Jay Malcolm Kennedy (April 18, 1956 – March 15, 2007) was an American editor and writer. He joined King Features Syndicate in 1988 as deputy comics editor and became comics editor one year later. He began as King Features' editor-in-chief in 1997.
Born in Toledo, Ohio, Kennedy grew up in Ridgewood, New Jersey, working in a picture frame store while he was in high school. After studying sculpting and conceptual art at New York's School of Visual Arts, Kennedy graduated with a sociology degree from the University of Wisconsin–Madison. At the University he was an active member of the Pail & Shovel Party, a student group dedicated to bringing humor to student government via absurdist and playful pranks. Kennedy drew posters and flyers for the group and took part in many activities, including the famous Pink Flamingo planting. From 1983 to 1988, he served as cartoon editor of Esquire where he edited and co-wrote Lynda Barry's Modern Romance. At the same time, Kennedy was a humor book agent as well as a cartoon consultant and editor for magazines and publishers, including People and Whittle Communications. In 1985, he was a guest editor for the “European Humor” issue released by the National Lampoon.
Kennedy wrote articles about the history of cartooning, and he profiled cartoonists and contemporary comics for magazines, including New Age Journal, Heavy Metal, New York and Escape Magazine, an English bi-monthly. His interest in cartooning, he once explained, was because:
- In the fine arts, artists generally comment on the world only obliquely; and sadly, only those people who have the leisure to study art history can fully appreciate their comments. By contrast, cartoons are an art form accessible to all people. They can simply laugh at the jokes or look beyond them to see the artist's view of the world. Cartoons are multileveled art accessible to everyone at whatever level they choose to enjoy.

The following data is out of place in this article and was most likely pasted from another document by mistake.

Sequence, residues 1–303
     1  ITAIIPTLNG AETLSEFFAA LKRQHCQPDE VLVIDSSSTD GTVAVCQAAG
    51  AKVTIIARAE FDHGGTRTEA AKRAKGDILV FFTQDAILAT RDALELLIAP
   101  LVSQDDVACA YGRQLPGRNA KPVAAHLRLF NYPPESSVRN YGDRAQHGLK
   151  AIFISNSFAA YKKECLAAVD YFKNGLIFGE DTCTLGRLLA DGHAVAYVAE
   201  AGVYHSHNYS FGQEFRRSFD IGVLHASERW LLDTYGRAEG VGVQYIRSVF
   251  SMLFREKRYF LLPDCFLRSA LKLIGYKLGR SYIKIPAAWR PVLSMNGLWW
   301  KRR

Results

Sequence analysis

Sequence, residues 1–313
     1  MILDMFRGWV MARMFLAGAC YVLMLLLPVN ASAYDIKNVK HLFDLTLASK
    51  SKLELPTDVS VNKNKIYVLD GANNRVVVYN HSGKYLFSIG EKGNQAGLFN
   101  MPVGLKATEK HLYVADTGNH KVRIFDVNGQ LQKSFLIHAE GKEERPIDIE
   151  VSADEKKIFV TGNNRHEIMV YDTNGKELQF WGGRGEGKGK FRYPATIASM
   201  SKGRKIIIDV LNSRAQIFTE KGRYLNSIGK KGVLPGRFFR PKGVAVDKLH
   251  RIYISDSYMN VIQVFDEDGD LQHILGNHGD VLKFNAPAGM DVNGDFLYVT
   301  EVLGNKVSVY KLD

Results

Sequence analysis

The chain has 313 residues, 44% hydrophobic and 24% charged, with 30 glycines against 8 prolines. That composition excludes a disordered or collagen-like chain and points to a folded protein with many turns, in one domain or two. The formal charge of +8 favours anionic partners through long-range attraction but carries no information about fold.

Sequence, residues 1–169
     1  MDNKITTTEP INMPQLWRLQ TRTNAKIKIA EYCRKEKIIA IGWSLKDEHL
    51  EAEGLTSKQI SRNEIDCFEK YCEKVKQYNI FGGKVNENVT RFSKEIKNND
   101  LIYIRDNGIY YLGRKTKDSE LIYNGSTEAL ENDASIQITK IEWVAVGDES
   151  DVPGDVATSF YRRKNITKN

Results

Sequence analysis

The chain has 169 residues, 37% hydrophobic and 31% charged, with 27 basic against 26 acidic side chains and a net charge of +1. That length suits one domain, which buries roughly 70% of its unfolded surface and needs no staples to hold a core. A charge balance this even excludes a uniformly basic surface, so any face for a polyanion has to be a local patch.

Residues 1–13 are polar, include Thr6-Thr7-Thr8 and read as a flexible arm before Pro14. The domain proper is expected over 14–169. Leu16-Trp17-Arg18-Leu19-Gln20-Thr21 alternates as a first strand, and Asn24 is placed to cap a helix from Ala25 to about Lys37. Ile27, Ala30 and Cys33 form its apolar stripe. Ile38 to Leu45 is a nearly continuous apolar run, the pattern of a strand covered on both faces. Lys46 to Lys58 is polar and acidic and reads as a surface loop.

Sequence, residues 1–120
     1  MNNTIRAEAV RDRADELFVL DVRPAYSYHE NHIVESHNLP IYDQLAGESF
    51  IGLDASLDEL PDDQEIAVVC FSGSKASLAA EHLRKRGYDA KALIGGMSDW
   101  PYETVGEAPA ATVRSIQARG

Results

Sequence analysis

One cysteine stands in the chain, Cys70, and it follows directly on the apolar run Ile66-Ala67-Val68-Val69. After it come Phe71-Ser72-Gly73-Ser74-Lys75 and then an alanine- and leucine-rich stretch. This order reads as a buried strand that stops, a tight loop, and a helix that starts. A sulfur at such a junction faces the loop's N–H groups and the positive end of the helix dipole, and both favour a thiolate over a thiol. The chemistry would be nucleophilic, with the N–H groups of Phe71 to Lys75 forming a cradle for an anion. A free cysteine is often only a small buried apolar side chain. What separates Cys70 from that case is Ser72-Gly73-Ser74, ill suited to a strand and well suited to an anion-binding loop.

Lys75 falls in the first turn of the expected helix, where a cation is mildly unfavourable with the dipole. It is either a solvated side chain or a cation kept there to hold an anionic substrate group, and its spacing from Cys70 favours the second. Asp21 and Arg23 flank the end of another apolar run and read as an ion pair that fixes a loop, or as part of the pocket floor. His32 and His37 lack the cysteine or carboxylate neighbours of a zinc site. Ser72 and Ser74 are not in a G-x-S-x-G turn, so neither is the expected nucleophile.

In 2006, Kennedy introduced King Features' DailyINK, an online service which bills subscribers $19.99 annually and makes available, on a web page and via email, more than 90 vintage and current comic strips, puzzles and editorial cartoons. The vintage strips have included Bringing Up Father, Buz Sawyer, Flash Gordon, Krazy Kat, The Little King, The Phantom and Rip Kirby.
Kennedy, who lived in New York City and Orient Point, Long Island, died March 15, 2007 while vacationing in Costa Rica. He drowned after having been caught in a riptide. His wife, Sarah Jewler, the managing editor of New York magazine, had died in 2005. King Features appointed associate editor Brendan Burford to the position of comics editor on April 23, 2007.
In memory of Kennedy, King Features established the Jay Kennedy Memorial Scholarship Fund, which is "designed to acknowledge excellence among college-aged aspiring cartoonists". Through the NCS Foundation, the Jay Kennedy Memorial Scholarship is awarded yearly to a deserving college student for their junior or senior year based on the judging of submitted work to the Foundation’s panel of professional cartoonists. The award is presented at the annual NCS Reuben Awards dinner.
He was the author of The Official Underground and Newave Comix Price Guide (Boatner Norton Press, 1982), a guide to underground comics of the 1960s and 1970s. Much of the information in that book was based on Kennedy's personal collection of alternative comics, later donated to the Billy Ireland Cartoon Library & Museum.
- Wisconsin Historical Society "Bascom Hill Pink Flamingo"
- Iris: A Journal about Women, #20, Fall / Winter 1988 "Dividing Them from Us Within Ourselves, A Conversation with Lynda Barry"
- "Jay Kennedy, Editor in Chief of King Features Syndicate, Dead at 50"
- Editor & Publisher
- Editor & Publisher
- Billy Ireland Cartoon Library & Museum
- Jay Kennedy Scholarship
- Mike Lynch's lengthy report on the April 15, 2007 memorial service for Jay Kennedy at his favorite restaurant, The Park in Chelsea
- King Features Syndicate obituary notice
- Daily Cartoonist: Jay Kennedy
- Drawger: Stephen Kroninger: Jay Kennedy
- San Francisco Chronicle obituary